• Able Toys Awards – Rated Toy
  • Parents Choice Awards – Silver

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Holiday Gift Guide: For Kids with Special Needs (part 1 of 5)

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Written by Marie-Eve Dubois

Tis’ the season for giving! Do you or anyone around you have a child with special needs and you’ve been trying to find great gift ideas that would not only be fun, but helpful? Over the next few weeks, our team will be sharing with you some of their great finds. We hope this will inspire you!

Gifts for Children with ADHD

A few weeks ago, I bought two little pieces of twistable plastic, and put them on my desk for children to fiddle with. I used to have them in my office back in Quebec, and they were quite popular. However, I didn’t expect the kind of reaction I got at Canoe! All my colleagues were trying them, and while they were initially intended for the children I see, it turns out many parents have enjoyed them too! Everyone (including clients of my colleagues I had never met) were now asking where they could purchase them! This is where the idea of this blog series came from: what if we shared our favourite tools, toys and books for all to enjoy?

Here are three of my favourite items for children with ADHD

1) The Tangle! This is the famous piece of plastic referred to above! I currently own a bigger version with textured rubber and a smaller, fuzzy one. The simple plastic ones are also great for children who do not like the added texture. These are meant to be manipulated to increase calm, focus and attention, and provide additional sensory stimulation. These are quite inexpensive and make a great stocking stuffer!

twistertextures
Tangle Therapy (available at Scholar’s Choice $14.99)
twister_fuzzy
Tangle Jr. Fuzzies Fidget Toy (available at Scholar’s Choice $5.99)
twister_plastic
Tangle Jr. Neon & Sparkle Fidget Toy (available at Scholar’s Choice $3.99)

2) Cushions. We’ve all known a child (or adult!) who had trouble staying in their seat, kept moving around, etc. Some may have tried sitting on an exercise ball, but sometimes that’s just too much movement, or is inconvenient. A great alternative are cushions designed to allow the child to sit on a surface that moves and gives them additional sensory input. You may need to look for the perfect one for your child, but luckily, many different styles are now available, from the spiky one (it’s not nearly as uncomfortable as it seems) to the wedge cushion.

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Spiky Tactile Cushion – 13′ (available at Scholar’s Choice $32.99)
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10″ Wedge Cushion (available at Scholar’s Choice $32.99)

3.) My Brain Needs Glasses. This little gem exists in an extended parent version in French, but this children’s book is pretty awesome too! This book reads as the journal of Tom, a child diagnosed with ADHD. He shares helpful information for children with the same diagnosis, but also their siblings, parents and educators (did you say you were looking for a gift for your child’s teacher?). The fun part is that there is also a version for adults with ADHD called My Brain STILL Needs Glasses.

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My Brain STILL Needs Glasses Book for adult with ADHD (available online $19.95)

Hope you enjoy these! Check back tomorrow for part-2 of Holiday Gift Guide!

5 Holiday Activities to Build Your Child’s Language

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Written by Aynsley Warden

There are many great opportunities that you can take to build your child’s language skills while you are busy getting ready for Christmas. The best part is, your child is included and has fun! Here are a few ideas of things you can do with your child, while highlighting language skills:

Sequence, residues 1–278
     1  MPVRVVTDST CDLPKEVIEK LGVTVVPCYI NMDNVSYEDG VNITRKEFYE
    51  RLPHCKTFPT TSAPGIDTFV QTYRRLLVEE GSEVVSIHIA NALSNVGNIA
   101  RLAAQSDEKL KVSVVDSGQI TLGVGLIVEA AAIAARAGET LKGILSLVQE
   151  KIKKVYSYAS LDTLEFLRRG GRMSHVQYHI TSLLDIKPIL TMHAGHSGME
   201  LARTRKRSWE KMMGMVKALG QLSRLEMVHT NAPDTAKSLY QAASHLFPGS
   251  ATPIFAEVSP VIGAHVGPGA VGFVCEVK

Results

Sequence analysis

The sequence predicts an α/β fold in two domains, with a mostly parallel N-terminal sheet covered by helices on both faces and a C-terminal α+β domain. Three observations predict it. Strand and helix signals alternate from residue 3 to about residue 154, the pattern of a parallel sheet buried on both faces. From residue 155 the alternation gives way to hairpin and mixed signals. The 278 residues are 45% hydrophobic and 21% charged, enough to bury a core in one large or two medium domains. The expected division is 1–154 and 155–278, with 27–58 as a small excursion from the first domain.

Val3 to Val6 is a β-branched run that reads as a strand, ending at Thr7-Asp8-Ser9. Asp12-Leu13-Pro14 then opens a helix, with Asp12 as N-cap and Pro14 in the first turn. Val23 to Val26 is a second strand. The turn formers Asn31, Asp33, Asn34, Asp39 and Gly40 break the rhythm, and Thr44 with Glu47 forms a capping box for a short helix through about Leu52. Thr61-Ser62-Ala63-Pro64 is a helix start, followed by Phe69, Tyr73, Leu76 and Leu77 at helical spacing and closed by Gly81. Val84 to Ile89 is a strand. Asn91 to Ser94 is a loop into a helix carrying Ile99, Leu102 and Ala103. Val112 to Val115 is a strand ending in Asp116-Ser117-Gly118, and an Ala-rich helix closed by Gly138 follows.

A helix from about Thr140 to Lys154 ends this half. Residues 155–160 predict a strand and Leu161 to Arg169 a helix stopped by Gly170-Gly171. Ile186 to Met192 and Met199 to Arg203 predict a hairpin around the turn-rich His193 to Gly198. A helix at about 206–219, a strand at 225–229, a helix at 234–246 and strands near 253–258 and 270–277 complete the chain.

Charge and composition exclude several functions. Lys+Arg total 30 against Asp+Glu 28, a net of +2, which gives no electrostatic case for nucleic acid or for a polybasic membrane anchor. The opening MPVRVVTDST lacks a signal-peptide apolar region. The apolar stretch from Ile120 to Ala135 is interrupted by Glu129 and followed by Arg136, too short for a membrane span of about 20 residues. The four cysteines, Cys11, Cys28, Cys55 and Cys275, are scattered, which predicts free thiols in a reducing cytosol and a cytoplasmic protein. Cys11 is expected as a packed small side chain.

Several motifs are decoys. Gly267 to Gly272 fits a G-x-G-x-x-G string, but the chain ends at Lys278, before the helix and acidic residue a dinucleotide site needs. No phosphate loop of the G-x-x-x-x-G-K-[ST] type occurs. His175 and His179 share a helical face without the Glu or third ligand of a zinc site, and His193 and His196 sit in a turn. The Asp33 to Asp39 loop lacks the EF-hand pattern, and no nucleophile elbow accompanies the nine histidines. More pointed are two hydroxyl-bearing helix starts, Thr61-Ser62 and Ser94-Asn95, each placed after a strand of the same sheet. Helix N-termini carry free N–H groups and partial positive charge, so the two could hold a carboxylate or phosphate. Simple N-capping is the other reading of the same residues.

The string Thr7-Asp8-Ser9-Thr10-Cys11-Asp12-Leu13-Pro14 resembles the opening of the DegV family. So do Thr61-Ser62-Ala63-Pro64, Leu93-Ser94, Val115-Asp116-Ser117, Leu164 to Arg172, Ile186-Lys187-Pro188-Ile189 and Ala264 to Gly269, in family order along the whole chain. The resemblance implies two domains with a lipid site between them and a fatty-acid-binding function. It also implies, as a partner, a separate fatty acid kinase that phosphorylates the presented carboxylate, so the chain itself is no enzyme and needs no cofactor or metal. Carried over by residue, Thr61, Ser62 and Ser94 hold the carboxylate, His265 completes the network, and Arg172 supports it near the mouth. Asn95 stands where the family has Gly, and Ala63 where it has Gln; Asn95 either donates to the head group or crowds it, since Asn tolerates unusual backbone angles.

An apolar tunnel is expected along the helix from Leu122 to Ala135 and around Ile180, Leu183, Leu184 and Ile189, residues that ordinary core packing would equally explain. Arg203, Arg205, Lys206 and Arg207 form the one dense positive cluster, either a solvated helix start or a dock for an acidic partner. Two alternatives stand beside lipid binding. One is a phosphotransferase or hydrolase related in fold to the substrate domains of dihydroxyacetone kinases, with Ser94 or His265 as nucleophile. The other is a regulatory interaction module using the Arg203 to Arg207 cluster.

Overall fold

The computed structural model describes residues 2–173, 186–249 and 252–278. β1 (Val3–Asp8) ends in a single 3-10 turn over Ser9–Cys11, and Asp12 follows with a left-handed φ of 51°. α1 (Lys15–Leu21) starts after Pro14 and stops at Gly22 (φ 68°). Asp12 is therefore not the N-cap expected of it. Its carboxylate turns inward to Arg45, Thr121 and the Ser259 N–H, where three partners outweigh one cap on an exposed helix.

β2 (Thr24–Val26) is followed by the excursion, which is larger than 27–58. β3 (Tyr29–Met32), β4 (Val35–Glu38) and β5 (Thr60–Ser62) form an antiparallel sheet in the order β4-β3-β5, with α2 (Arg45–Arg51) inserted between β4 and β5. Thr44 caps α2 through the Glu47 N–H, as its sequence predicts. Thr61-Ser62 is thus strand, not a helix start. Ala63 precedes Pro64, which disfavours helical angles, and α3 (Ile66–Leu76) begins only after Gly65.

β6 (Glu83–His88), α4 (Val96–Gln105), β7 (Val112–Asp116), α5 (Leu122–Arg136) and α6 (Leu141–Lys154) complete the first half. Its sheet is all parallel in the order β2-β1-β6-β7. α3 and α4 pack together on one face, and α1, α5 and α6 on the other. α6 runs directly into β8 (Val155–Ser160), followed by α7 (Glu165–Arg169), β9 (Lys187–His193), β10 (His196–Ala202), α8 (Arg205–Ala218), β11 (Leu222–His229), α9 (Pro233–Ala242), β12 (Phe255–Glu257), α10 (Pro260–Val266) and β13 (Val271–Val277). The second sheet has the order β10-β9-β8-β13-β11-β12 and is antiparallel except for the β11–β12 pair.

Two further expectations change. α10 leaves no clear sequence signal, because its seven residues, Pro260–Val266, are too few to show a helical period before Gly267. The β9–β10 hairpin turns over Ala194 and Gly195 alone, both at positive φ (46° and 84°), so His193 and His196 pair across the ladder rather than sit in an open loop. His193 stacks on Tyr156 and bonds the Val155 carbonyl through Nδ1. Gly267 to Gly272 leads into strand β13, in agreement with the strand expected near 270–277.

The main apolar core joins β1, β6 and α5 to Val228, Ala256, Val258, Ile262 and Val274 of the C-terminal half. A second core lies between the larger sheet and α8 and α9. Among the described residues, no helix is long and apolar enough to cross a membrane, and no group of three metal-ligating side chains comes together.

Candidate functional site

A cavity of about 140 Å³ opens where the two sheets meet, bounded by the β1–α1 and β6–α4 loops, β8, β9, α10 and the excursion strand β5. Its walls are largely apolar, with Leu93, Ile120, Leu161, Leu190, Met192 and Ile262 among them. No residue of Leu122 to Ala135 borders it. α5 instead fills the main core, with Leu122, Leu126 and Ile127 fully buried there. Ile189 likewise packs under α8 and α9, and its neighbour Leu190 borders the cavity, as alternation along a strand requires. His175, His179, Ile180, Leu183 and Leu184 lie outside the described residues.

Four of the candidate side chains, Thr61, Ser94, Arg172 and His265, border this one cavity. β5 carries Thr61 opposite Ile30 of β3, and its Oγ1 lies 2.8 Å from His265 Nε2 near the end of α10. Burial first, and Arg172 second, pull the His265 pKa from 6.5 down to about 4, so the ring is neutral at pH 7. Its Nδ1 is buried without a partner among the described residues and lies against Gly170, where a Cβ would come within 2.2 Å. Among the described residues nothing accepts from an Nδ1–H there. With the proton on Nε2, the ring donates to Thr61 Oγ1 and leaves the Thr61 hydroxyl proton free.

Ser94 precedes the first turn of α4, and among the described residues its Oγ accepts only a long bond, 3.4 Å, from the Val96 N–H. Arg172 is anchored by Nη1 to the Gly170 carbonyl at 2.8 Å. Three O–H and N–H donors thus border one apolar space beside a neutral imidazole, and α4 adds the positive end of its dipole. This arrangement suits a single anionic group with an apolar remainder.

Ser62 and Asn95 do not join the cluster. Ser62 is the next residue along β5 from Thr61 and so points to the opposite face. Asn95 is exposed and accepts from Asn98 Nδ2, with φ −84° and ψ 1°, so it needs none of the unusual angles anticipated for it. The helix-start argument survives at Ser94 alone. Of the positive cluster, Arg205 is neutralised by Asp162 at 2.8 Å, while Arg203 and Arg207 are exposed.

1) Read Christmas or holiday stories with your child. Here are a few favourites:

  • “Fancy Nancy Splendiferous Christmas” by Jane O’Connor
  • “How the Grinch Stole Christmas” by Dr. Suess
  • “Dream Snow” by Eric Carle
  • “The Kvetch Who Stole Hanukkah” by Bill Berlin and Susan Berlin
  • “The Polar Express by Chris Van Allsburg
  • “Olive the Other Reindeer” by J. Otto Seibold
  • “Bear Stays Up for Christmas” by Karma Wilson and Jane Chapman
  • “Biscuits Hanukkah” by Alyssa Satin Capucilli
  • “That’s Not My Snowman” by Fiona Watt
  • “The Wild Christmas Reindeer” by Jan Brett
  • “Li’l Rabbits Kwanzaa” by Donna L. Washington

2) Decorate the Christmas tree. Talk about sizes of the ornaments you are hanging (big or little?). Talk about where to hang the ornaments (top, middle, or bottom?). Teach new words by highlighting the names of any ornaments (reindeer, Santa Claus, sled, candy cane, angel, bell, wreath, snowflake, Rudolph, etc…). Emphasize colours when hanging the lights on the tree.

3) Bake holiday cookies. Highlight new words by emphasizing the names of ingredients and kitchen utensils you use to make the cookies. Talk about the steps to follow for making cookies. Use icing and sprinkles to decorate the cookies and emphasize colour and descriptive words.

4) Make crafty ornaments to hang on the tree. Highlight new words and talk about the steps to follow when making your crafts.

  • Cut out Christmas tree shapes from green felt. Glue buttons on it. Thread and tie a string or ribbon at the top of the tree to hang it with. Materials needed:  green felt, buttons, glue, string or ribbon, scissors.
  • Collect pine cones during a walk outside near a forested area. Let them dry inside the house before painting them. Use sprinkles or glitter glue to decorate if you like. Materials needed:  pine cones, paint & paintbrush, sprinkles & glue (or glitter glue).

5) Let your child help you wrap presents or wrap presents they made. Talk about the names of things you need (scissors, tape, ribbon, etc…). Your child can practice printing, naming letters, and sounding out words when making name tags for the presents.

Remember to highlight new words by saying the word many times using emphasis. Add gestures to demonstrate what you mean and show pictures or real objects of the new words. Encourage your child to use these words on their own and to use more language by telling you the steps of activities. Most importantly, have fun!